“What is treatment resistance in Psychiatry?”

The above editorial “What is treatment resistance in Psychiatry?” features in the current edition of World Psychiatry and has generated considerable discussion on social media.

Ten months ago this “News” feature “Treatment resistant depression: what are the options?” was published in the BMJ, it also generated a number of responses:

The following rapid responses have been published in the BMJ (in date order):

19 December 2018

Edward M White, Global Solutions Architect (IT), Pewsey, Wilsthire

Re: Treatment resistant depression: what are the options?
As a lay person who has suffered from debilitating withdrawal from venlafaxine, I find this article deeply worrying. The fact that patients are being subjected to a merry go round of medications in a primary care setting, where pressures on GPs time is huge, is probably the worst outcome for someone suffering from a depressive illness. As I’m sure many of your readers would agree, the second generation AD medications have some horrible side effects and people can easily be put off by them. Having to try drug after drug without success and being switched between medications in an often haphazard manner (this happened to me, so I speak from experience), is enough to push many suffers away from the system all together. I found the process to be a frightening one.

Whilst I cannot entirely blame doctors for this, they must shoulder some of it. That said, like many modern ‘systems’ primary health care is not well set up for dealing with this issue. However, secondary psychiatric services are even more pressed due to constant government cuts and other factors.

These time and funding constraints are also compounded by the inability of psychiatry to see the flaws in the drugs administered. Many chronic sufferers will be drugged and released from the system without further help. The drugs are not designed or tested or in any way proven for long term use, which is now resulting in patients becoming long term trial participants with no one collecting the data. I am one of them and I worry constantly about how I am going to get off these drugs safely. Granted, they provided help in the short term, but I should not have been left on them long term by my GP. I feel mislead and betrayed by that process and there are many thousands more in the same or worse situation than me. It is only my own tenacity that prevents the psychiatric service I was referred also discharging me whilst taking unneeded medications. I am insisting they see me safely off the drugs as well. How long their patience will last, I don’t know.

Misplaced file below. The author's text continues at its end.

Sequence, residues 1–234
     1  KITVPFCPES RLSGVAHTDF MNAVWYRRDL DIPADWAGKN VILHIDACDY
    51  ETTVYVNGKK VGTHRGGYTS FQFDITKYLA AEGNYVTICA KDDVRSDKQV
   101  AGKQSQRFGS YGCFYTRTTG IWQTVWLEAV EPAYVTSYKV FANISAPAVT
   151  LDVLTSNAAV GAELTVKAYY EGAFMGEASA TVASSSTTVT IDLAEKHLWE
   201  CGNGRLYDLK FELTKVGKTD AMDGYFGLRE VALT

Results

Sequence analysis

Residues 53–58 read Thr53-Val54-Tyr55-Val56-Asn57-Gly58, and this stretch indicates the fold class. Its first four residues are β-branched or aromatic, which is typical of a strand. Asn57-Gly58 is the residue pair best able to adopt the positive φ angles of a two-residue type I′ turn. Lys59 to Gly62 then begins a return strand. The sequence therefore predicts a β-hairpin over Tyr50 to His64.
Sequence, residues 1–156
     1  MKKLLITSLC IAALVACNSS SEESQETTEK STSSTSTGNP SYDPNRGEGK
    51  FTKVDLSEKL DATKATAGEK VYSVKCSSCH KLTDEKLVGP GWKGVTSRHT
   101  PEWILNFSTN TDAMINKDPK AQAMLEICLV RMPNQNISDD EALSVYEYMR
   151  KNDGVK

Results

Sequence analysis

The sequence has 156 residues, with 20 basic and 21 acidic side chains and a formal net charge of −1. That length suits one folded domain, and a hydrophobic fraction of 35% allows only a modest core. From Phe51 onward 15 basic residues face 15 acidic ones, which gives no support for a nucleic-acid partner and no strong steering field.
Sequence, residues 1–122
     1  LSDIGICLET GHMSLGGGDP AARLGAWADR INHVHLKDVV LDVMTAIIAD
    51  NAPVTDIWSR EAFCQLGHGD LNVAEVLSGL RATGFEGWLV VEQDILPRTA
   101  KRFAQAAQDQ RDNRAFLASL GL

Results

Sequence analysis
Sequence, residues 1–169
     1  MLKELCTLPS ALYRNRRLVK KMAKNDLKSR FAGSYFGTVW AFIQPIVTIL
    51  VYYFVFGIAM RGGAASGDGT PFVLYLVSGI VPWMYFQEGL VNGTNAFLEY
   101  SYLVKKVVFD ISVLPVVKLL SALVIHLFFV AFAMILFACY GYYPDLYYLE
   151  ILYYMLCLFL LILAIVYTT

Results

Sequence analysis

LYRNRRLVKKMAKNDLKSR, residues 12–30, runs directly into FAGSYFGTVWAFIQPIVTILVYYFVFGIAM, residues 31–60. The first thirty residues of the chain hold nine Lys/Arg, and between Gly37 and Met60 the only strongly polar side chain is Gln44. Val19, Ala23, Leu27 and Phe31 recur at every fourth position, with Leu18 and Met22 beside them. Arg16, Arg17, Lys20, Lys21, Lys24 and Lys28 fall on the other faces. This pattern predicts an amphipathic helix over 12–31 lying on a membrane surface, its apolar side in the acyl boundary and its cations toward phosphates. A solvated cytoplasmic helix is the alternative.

I am sure there are many desperate long term sufferers who would be willing to try ketamine or psilocybin, but they too are psychotropic and recreational drugs with no long term use data. What is really needed are proper services to support sufferers with talking therapies, dietary advice and investigative options to get to the root cause of their illnesses. More drugs are not the real answer.

Yours faithfully
Dr Ed White

Competing interests: No competing interests

20 December 2018

Stavros Saripanidis, Consultant in Obstetrics and Gynaecology, Thessaloniki, Greece

Re: Treatment resistant depression: what are the options?
In a meta-analysis of 28 studies, 61% of patients treated with antidepressant pills still suffer from clinical depression after little more than a year “relapse–recurrence rates with pharmacotherapy of 61% (3.9% per month) over a mean of 68 weeks”

NICE’s definition of non responders greatly underestimates the real number of patients not helped by antidepressants.


Competing interests: No competing interests

21 December 2018

Marion Brown, Psychotherapist and Mediator (retired), Helensburgh

Re: Treatment resistant depression: what are the options?
Dr Ed White makes some very pertinent points in his response.

We are hearing that patients are experiencing just exactly what this BMJ News piece – and Dr Ed White – describes.

Perhaps the problem is with the antidepressants – not working and/or making people more ill and developing further troublesome symptoms ‘needing’ other medications. And perhaps the experts are not taking any notice of the growing clamour from the voices of patient experience? The advice that the professional ‘experts’ are offering to GPs (and summarised in this BMJ news article) does seem to be a recipe for lifetime illness and polypharmacy. Surely this goes against all common sense?

A very important patient-led event – raising awareness of these very issues – took place at the Wales Senedd on Tuesday 11 December. Full details of this have now been published here.

Competing interests: No competing interests

21 December 2018

Noel Thomas, retired/ part time GP, BronyGarn, Maesteg, Wales